Benefits of multivitamins for Dogs
Vitamins are organic compounds that are essential for the sustainability and longevity of life. A majority of these vitamins are present in natural foods. There are a variety of biological processes which require vitamins for effective metabolism. Vitamins play a vital role in well being of the body and vitamin deficiency can lead to several ailments in dogs.
Vitamin A is one of the essential vitamins which dogs need in their diet to maintain their optimal health. Organs like skin, hair coat, musculoskeletal system, and nervous system all require vitamin A for proper functioning. One of the first signs of vitamin A deficiency is manifested in the form of poor skin health and abnormalities in the vision of a dog. The deficiency of vitamin A also leads to the weakness of muscles. Vitamin A is particularly needed by pregnant females and puppies. This is because growing puppies need it for an ever-increasing mass as most of their body parts undergo size transformation.
As per the recommendations of the Association of American Feed Control Officials (AAFCO) the adult dog food product should contain 5000 IU of Vitamin A per kg of food. Vitamin A is commonly found in the liver; fish liver oil and egg yolks. It is also found in vegetables such as sweet potatoes and carrots. Overdosage is one of the serious complications associated with Vitamin A supplementations and one should be very careful while formulating the doze. Therefore, a healthy multi-vitamin supplement should contain appropriately balanced levels of vitamin A.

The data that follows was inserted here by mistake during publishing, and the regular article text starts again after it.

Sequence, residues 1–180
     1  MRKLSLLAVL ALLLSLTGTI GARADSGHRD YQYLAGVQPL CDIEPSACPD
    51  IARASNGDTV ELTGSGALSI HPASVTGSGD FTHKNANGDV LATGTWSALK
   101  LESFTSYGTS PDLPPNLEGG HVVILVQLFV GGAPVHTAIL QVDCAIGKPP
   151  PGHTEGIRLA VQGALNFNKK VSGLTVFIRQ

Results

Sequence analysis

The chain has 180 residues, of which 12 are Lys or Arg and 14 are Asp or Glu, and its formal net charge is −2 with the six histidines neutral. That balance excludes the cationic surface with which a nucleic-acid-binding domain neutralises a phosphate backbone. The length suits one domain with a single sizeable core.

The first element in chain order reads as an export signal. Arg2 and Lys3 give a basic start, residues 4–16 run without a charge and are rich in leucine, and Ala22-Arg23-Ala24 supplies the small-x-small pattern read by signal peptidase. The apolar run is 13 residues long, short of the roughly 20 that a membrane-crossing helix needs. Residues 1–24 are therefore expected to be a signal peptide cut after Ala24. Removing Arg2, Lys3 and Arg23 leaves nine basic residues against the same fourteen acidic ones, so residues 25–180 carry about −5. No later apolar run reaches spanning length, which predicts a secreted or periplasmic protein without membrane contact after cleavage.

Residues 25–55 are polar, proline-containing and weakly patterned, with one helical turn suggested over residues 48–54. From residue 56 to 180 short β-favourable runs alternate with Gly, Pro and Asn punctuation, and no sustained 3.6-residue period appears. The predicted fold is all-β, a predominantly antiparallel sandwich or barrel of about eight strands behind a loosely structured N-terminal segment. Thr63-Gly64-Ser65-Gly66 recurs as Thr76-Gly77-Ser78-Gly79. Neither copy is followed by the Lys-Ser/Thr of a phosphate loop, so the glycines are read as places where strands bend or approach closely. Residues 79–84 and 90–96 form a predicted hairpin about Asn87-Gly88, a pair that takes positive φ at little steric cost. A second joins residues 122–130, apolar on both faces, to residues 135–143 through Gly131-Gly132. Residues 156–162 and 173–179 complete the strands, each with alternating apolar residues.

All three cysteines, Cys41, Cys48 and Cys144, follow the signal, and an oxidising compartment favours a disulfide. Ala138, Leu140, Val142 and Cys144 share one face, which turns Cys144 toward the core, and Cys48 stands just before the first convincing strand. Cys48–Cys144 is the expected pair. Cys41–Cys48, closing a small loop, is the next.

Vitamin B Complex
Thiamine (vitamin B1) is needed for the metabolism of carbohydrates in the body. It strengthens the immune system and plays a vital role in the functioning of the brain. Riboflavin (vitamin B2) is essential for muscular strength, vision, and red blood cell production. Niacin (vitamin B3) plays a vital role in the metabolism and digestion of fatty acids. It enhances the functioning of the CNS system and endocrine systems. Folic acid (vitamin B9) is an integral part of red blood cell production. It is also required for the synthesis of DNA and is important for the initial days of pregnancy as it promotes early embryonic health. Pantothenic acid (vitamin B5) is essential for the synthesis of proteins and fatty acids. Biotin (vitamin B7) is essential for skin and fur health. Pyridoxine (vitamin B6) is required for electrolyte regulation in the body. It helps in cognitive purposes. It also plays role in red blood cell production. Cobalamin (vitamin B12) is essential for the proper functioning of nerves. B-complex vitamins are found in beef liver, milk, leafy greens, eggs, chicken, oats, fish, and beans.